The popular hashtag #aloneTogether takes on new meaning when you, your sweetheart, and the kids are enjoying a flick with a blanket, on the hood of the car, while leaning back on the windshield.
Drive-in theaters are popping up all across the country. Business models range from showing classic movies, to independent arthouse films to staging live comedy. Drive-in owners are also preparing to fill a new role in a post-pandemic world by hosting church services, graduations, and conventions. When people are forced to #stayHome the urge to get out of the house festers. That’s a fun pandemic word, don’t you think?
With so few drive-ins the opportunity is ripe to build your own. So, let’s get on with the show. We’re here to tell you what you’ll need to make your own drive-in theater. At the very least you will need:
A Sound System
A Power Source
An Outdoor Space
Carl’s Large Venue Screens
Let’s start with obvious, you’re going to need a big screen. And we can help you there! Our large venue screens deliver stunning images and fill the entire viewing expanse with sizes ranging from 230″ to 624″, and at a price point that won’t require “The Great Train Robbery“. Anyone a fan of the old, black and white, silent, short, western films? Moving on.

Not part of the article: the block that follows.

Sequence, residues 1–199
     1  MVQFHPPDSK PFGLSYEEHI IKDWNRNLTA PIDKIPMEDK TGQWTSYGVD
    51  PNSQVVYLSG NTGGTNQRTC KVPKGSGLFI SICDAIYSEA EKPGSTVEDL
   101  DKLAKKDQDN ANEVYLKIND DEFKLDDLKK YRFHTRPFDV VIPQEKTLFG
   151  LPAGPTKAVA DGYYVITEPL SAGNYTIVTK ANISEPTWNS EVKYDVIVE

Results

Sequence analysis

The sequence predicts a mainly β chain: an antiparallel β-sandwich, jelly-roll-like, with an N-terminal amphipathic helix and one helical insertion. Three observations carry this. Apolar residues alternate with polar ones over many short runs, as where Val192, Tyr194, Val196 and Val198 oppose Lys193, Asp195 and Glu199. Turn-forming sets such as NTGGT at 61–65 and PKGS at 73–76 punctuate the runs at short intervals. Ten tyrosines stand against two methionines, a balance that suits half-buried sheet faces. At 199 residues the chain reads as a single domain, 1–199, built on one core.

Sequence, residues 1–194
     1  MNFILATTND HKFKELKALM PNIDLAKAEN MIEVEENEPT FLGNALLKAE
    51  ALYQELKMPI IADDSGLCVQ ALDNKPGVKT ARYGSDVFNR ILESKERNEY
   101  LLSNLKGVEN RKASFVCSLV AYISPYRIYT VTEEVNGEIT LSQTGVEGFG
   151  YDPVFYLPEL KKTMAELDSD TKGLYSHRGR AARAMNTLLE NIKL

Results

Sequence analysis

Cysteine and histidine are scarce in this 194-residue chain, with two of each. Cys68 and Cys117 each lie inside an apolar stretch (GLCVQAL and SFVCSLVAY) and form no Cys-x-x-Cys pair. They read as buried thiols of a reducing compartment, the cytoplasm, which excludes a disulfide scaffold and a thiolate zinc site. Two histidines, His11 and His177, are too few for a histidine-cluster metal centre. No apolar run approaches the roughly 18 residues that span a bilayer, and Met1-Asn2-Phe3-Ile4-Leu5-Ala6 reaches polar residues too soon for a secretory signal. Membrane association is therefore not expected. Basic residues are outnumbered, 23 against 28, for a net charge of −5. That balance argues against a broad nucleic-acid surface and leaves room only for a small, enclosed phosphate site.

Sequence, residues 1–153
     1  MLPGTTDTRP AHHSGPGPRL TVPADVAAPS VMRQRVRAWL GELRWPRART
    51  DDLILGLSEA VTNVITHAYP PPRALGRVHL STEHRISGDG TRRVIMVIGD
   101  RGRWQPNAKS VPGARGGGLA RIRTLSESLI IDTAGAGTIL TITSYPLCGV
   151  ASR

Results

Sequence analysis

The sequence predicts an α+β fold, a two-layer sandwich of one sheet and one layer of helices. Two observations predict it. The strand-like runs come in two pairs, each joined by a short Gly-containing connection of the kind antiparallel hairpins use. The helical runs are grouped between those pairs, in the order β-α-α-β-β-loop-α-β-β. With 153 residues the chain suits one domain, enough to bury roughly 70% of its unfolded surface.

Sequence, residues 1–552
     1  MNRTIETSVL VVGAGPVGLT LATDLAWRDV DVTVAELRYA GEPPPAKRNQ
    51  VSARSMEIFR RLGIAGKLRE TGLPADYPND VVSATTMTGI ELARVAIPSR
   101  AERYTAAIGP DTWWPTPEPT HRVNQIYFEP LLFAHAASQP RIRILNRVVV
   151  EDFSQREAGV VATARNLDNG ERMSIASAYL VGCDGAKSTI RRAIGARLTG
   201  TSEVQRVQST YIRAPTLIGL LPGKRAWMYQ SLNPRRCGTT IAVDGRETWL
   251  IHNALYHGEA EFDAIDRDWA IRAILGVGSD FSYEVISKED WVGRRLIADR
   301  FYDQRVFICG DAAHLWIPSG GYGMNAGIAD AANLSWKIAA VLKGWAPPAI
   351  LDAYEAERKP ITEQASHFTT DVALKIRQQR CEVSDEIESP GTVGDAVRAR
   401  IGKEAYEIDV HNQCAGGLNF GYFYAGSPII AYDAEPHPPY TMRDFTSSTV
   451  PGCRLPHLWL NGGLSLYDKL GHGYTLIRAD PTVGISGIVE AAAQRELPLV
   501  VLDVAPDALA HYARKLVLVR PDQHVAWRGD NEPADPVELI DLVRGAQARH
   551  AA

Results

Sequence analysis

Mother nature is more powerful than any screen. Make sure you properly anchor your screen to keep the audience and your screen safe.
Projectors for Large Venue
The type of projector you’ll need depends on the types of movies you plan to show. Classic films may require a 35mm film projector while newer movies require an 4K or HD projector. Begin with our article “Five Things to Consider When Picking a Projector”. When you’re ready, an excellent source to find a projector is projectorcentral.com. Screens larger than 375″ may require more than one projector and the use of edge-blending with presentation media software (new article coming soon).
Transition from Silent Films to Talkies
Unless you really are showing silent films, you are going to need sound. The movie’s audio can be broadcast over radio waves and received by each car’s stereo system where the viewers can control the volume. You will need to purchase a Part 15 certified FM transmitter to be FCC compliant. Simply select an FM frequency not in use and plug your FM transmitter into your projector’s audio output. We recommend finding a transmitter that is capable of at least a 50-foot range like: